I nailed the first landing...well, until I nearly took out a string of runway lights. “You have to make corrections the second anything starts to go south,” Davisson advised. “Otherwise, it’s like trying to stick a fish with a fork—by the time the fork gets there, the fish is gone,” he added, a typical Davisson aphorism.

According to Davisson, the Pitts makes all your good points better and your bad ones MUCH worse.
Davisson has been instructing for 37 years, 32 of them in the Pitts. His students come from all over the world with both small and large amounts of flight time. Typically, they arrive on a Sunday evening (many actually stay at his house in an extra bedroom he and his wife, Marlene, have dubbed “The B&B”). Monday morning is taken up with an extended groundschool chat in the Davisson living room, and that afternoon, students strap into the Pitts, regardless of their level of experience.

"I see absolutely no difference between a 200-hour pilot and a 20,000-hour pilot except their confidence level when they first step up to the plate. And that disappears in a day or two!” he grinned. “I can’t tell the CFIs from the rest of the pack. I had a guy recently who owned a 152 and was very proud of the 550 hours he had in it. I told him, ‘What you’ve got is the same hour 550 times,’” Davisson teased.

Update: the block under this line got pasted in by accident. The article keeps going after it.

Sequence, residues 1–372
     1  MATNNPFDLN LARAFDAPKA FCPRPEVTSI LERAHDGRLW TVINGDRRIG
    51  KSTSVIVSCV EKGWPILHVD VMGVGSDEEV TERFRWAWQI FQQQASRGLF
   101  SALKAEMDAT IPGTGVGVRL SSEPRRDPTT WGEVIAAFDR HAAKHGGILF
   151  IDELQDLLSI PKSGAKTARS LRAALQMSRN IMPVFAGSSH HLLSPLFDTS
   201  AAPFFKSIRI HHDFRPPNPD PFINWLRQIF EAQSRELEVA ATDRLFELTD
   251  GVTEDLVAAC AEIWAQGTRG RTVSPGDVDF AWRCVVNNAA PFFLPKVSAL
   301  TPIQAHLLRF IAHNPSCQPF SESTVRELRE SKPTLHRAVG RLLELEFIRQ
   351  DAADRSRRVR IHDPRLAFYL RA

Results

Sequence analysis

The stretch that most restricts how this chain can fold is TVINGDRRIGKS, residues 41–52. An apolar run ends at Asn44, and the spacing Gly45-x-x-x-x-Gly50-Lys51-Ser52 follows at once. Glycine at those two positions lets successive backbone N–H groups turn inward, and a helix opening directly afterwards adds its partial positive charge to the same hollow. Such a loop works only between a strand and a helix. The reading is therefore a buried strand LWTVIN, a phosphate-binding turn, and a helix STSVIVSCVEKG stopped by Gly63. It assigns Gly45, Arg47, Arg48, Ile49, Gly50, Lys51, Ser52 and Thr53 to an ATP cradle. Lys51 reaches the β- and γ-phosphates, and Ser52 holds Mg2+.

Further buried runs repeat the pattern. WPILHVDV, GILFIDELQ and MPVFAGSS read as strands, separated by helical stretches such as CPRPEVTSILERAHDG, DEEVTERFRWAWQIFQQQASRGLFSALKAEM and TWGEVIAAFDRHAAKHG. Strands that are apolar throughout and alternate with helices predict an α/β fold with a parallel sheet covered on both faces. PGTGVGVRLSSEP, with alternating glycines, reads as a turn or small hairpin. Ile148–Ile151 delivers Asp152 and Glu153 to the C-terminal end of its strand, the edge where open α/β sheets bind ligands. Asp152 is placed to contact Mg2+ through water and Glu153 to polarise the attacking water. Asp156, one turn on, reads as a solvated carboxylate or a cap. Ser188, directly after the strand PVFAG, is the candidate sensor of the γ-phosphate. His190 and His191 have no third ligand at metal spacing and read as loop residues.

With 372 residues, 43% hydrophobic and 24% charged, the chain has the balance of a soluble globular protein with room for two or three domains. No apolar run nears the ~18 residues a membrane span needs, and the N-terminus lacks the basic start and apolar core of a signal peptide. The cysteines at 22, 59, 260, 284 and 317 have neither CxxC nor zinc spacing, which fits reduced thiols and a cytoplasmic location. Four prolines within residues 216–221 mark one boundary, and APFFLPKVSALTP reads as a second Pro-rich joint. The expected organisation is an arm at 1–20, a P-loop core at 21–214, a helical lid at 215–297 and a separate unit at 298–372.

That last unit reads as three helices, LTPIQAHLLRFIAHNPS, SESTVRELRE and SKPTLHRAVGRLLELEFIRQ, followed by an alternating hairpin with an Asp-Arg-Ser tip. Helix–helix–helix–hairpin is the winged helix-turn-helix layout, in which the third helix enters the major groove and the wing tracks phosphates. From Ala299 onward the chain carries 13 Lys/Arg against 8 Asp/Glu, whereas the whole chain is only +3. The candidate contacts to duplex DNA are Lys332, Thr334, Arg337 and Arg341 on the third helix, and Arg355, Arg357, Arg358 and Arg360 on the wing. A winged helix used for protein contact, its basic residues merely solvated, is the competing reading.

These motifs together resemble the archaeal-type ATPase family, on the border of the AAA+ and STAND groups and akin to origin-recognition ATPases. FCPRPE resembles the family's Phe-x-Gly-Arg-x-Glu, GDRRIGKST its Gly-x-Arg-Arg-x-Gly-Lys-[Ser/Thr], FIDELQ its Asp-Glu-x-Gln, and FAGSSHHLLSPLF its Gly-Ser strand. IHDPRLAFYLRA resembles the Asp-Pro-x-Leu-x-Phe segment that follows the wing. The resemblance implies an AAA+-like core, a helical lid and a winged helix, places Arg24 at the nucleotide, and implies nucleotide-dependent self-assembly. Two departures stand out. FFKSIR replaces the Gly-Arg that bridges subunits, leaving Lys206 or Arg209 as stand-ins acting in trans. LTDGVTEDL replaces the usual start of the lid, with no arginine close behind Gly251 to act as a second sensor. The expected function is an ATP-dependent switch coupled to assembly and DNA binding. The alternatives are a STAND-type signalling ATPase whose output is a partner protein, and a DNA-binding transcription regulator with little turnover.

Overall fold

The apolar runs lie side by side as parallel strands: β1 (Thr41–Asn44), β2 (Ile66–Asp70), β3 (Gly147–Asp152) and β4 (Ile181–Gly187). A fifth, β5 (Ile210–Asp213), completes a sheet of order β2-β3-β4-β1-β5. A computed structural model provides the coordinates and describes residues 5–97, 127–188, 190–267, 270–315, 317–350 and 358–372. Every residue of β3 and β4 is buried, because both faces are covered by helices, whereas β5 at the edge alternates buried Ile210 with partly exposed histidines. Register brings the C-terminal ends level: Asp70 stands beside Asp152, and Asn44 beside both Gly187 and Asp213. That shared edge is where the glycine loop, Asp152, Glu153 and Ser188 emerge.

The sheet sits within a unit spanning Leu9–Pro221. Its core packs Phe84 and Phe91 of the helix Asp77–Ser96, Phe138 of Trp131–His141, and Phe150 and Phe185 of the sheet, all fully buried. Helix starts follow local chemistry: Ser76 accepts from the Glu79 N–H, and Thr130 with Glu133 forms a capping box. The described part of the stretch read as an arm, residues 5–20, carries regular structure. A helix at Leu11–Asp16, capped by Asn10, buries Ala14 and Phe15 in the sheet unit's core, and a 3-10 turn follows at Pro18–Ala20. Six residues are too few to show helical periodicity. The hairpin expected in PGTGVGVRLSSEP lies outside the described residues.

To most, the initial ride in the Pitts is daunting (Davisson says there’s almost always a certain “Oh, s**t!!!” factor for first-timers), and once in a while, someone tells him they’re certain they’ve bitten off more than they can chew. Davisson’s answer is always the same: “Fly with me three hours. After that, if you still feel the same way, fine. We’ll quit and I won’t charge you anything.” In more than three decades, you can count the number of takers on one hand.

Occasionally, he admits, he wakes up in the morning and his wife says, “Is your student’s name Roger? Well, you’re not flying with him anymore. You’ve been screaming about him all night!

For me, the Pitts was a heaping handful of airplane to fly. Since it’s not built to be “stable” (i.e., predisposed to return itself to straight-and-level flight), the little biplane was elated to do just about anything I asked it to do. It required constant vigilance for airspeed, pitch and rudder/aileron coordination. Get the nose slightly low and it just loves to build up airspeed—lots of it—and like a kid who’s having way too much fun, the Pitts is very reluctant to give it back. Dial in a little bank with the stick and fail to be right there with accompanying rudder, and right away there’s a “Feel your butt!” accompanying the faux pas through the headsets.